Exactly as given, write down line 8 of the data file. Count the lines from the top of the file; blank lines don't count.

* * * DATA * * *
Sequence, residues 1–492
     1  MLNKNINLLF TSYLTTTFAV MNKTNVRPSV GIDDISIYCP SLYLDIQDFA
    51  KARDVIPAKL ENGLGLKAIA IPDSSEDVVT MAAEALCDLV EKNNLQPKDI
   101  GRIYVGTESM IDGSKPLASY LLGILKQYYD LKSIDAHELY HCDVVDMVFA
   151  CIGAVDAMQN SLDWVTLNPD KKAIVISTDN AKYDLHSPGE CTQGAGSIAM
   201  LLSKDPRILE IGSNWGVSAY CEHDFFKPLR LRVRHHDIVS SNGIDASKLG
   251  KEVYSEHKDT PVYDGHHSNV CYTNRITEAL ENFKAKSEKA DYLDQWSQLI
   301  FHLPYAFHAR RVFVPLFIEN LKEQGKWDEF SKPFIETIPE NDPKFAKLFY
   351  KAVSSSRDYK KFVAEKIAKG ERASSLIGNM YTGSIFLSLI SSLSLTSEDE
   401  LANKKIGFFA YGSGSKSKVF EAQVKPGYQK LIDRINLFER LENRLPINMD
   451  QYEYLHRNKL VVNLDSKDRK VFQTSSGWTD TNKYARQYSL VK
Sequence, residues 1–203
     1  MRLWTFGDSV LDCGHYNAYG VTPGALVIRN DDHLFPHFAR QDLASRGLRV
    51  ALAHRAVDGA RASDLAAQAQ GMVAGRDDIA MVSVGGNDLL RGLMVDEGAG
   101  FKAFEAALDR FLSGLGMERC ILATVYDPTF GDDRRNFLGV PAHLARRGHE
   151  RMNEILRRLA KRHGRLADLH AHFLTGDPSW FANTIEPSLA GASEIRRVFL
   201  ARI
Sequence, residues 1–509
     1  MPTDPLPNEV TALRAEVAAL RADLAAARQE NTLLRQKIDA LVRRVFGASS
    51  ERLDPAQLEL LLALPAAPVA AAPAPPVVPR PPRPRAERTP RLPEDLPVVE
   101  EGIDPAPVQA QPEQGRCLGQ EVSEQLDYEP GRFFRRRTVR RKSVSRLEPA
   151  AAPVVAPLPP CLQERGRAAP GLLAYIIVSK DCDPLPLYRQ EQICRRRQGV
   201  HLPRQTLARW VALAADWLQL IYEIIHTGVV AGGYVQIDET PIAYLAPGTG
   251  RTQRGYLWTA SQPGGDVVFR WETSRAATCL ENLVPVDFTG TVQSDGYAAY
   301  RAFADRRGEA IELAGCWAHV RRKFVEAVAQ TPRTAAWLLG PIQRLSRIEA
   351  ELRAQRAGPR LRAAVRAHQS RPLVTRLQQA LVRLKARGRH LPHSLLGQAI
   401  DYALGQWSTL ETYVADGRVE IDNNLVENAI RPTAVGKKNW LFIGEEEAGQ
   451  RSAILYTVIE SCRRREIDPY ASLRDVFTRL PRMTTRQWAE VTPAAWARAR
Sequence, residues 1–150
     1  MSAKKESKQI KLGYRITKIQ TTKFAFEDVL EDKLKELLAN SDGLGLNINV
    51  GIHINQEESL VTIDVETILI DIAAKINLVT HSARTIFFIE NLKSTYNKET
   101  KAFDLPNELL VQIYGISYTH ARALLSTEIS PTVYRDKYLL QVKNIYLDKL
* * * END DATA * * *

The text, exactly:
   301  FHLPYAFHAR RVFVPLFIEN LKEQGKWDEF SKPFIETIPE NDPKFAKLFY